The continuing journey through the wonderful world of mixing.
Hi folks. We left off with our drums and bass working together, still in mono. Lets start fleshing out our mix. I like to bring in the lead vocal next. I know a lot of folks leave this until last. I find bringing it in early makes it easier to keep it at the forefront. Hopefully, you compressed the lead vocal on the way in, just enough to even out the big peaks. Bring up the volume as high as you can. Experiment with a rolloff at this point. The more bottom you can lop off, the louder you can make the track. But you don't want to change the timbre of the vocal. Your just trying to get rid of the low stuff that you can't hear. If the vocal is still uneven, compress with care. The human voice is what your listeners are going to listen to the most. Everyone, musician or not, knows what a voice sounds like. Make sure it doesn't sound squashed, or otherwise artificial. Unless, of course, that's the sound your going for. EQ lightly. Fullness is around 120 hz, "boominess" is at 240 hz. Nasal qualities are around 2 k( for my voice, anyway) presence is around 5 k, sibilance around 7k, and air is at around 12k. A light compressor at this stage can bring the vocal even more to the front of the mix. Be careful not to lose all the dynamics. Let the vocal breathe a little. Another trick to try, double the track, and put one of the tracks out of phase. This can give an especially "in your face" quality, and you can EQ the tracks slightly differently, to make the vocal even bigger. If the drums are fighting the vocal too much, try scooping the various drums at around 1k. You may have to start pulling down the drum volumes in general at this point. Okay, on to our next step.
Next, bring up the feature melody instrument. Guitar or keys, what ever is the focal point of your song. I rarely compress either of these. This is where your mix is takes on some character. You want to support the vocal, and still draw the listeners attention to the melody instrument. In rock, generally, it is common to have the vocal a little "buried in the mix". That is, the vocal is not as loud compared to the rest of the band, as in say a pop type tune. You still want to hear the vocal loud and clear. This is where you start EQing things a little more seriously. Is some instrument "clouding" your ability to hear something else? Can you cut a band of frequencies to "reveal" the competing instrument or vocal? Do you have good separation between instruments? Can you pick out any specific part, and still hear everything in a good balance? For acoustic guitar, the bottom is between 80-120 hz, body is at 240 hz, and the clarity is between 2.5-5k. If the acoustic part is an aggressively strummed rhythm part, perhaps the attack is all thats really needed. I'm sure you've noticed that the guts of a lot of sounds is at around 240 hz. tread lightly here. Too much stuff boosted at 240 will make your mix sound muddy faster than anything. Electric guitars, rolloff anywhere between 80- 200 hz. Fullness is at around 240hz, "cheap" sound is at around 800 hz, and bite is at 2.5 k. For most keys, the bottom is between 80-120 hz, body is at 240, presence is around 2k. For background vocals, try boosting and cutting the opposite of what you did for the lead vocal. This will make each more distinct. Try to not get too distracted by what each track sounds like when soloed. You sometimes have to be a little ruthless when mixing. Our goal is to try and have everything compliment each other, and still be able to hear everything. Well, that's all for now, next time, we can start mixing into stereo, and adding effects. Until then, good mixing. George.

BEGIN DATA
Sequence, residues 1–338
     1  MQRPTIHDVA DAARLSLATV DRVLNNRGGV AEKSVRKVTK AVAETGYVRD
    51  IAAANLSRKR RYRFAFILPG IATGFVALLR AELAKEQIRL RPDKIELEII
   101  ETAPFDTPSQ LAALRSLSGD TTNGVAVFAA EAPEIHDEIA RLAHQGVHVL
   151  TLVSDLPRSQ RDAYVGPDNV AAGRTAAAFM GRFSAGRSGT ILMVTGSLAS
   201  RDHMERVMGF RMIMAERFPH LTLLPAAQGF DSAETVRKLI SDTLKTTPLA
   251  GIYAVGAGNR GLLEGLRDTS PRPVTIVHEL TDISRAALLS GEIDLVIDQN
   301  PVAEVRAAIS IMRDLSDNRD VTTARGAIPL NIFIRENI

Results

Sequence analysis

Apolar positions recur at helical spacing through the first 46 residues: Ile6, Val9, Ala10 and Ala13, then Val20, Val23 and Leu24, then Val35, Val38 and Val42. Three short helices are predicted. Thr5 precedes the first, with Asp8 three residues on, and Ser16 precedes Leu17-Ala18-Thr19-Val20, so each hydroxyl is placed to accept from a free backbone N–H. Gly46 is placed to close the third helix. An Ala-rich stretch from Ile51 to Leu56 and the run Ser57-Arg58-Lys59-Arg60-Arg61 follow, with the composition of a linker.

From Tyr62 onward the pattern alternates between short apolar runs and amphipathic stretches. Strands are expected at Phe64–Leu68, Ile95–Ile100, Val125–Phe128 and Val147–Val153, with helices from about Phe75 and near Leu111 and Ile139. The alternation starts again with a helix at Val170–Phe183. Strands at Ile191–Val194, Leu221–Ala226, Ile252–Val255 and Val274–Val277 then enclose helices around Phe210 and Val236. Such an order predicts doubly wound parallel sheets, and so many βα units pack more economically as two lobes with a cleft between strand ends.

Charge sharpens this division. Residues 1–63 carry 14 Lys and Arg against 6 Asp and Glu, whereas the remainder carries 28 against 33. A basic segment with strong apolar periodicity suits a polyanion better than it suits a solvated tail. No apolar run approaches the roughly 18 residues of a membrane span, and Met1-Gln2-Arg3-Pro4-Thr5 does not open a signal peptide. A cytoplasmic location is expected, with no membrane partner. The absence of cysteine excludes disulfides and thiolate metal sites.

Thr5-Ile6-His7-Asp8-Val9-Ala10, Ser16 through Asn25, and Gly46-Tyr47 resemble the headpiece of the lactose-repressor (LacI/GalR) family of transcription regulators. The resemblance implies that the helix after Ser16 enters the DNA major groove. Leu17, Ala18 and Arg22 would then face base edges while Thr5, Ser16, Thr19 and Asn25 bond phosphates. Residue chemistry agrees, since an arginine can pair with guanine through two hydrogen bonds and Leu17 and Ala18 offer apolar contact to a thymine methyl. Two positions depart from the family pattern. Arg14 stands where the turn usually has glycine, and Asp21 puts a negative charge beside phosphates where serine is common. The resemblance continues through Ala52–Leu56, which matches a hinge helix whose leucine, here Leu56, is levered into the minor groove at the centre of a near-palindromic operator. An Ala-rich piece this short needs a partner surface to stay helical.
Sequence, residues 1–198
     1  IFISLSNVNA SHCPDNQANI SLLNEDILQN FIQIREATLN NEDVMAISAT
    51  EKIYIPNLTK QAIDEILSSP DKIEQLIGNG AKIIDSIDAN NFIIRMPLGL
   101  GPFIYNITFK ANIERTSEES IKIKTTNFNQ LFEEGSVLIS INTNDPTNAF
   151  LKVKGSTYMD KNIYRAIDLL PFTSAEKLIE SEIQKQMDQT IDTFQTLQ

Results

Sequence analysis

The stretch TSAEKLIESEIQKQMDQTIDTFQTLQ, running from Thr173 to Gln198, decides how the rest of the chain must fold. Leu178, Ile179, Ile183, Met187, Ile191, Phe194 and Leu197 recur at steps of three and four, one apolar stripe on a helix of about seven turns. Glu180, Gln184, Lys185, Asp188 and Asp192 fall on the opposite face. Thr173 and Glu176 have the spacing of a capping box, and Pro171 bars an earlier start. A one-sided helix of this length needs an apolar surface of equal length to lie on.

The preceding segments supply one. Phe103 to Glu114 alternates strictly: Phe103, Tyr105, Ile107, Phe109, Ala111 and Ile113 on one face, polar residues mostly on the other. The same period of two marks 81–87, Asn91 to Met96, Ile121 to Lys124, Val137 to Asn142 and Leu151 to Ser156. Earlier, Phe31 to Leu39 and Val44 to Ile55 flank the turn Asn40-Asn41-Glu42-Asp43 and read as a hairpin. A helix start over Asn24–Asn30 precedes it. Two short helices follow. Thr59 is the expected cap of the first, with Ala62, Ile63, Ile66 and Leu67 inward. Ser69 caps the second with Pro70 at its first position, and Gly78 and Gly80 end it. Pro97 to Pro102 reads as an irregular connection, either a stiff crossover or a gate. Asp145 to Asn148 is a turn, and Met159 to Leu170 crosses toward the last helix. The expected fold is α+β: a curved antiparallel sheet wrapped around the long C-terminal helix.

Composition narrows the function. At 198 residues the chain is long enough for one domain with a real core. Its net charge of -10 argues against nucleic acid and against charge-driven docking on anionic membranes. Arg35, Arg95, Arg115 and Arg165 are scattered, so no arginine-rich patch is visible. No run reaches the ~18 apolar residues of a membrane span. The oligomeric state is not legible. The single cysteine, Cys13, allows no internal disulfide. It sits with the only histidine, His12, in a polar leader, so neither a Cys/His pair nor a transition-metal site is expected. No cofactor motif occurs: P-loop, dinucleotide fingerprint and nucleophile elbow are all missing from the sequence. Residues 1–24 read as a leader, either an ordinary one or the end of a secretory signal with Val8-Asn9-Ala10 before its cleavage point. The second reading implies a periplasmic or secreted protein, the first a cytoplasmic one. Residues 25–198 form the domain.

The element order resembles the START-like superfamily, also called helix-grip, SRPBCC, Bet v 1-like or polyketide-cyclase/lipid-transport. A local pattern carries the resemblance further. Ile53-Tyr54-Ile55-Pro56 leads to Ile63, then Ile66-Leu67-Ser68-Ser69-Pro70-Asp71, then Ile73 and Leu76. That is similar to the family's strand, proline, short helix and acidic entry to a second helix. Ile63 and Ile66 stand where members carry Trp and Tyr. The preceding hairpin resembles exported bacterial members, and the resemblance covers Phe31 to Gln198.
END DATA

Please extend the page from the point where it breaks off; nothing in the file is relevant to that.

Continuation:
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Feb 26, 2009 05:24 am
|another nice article...
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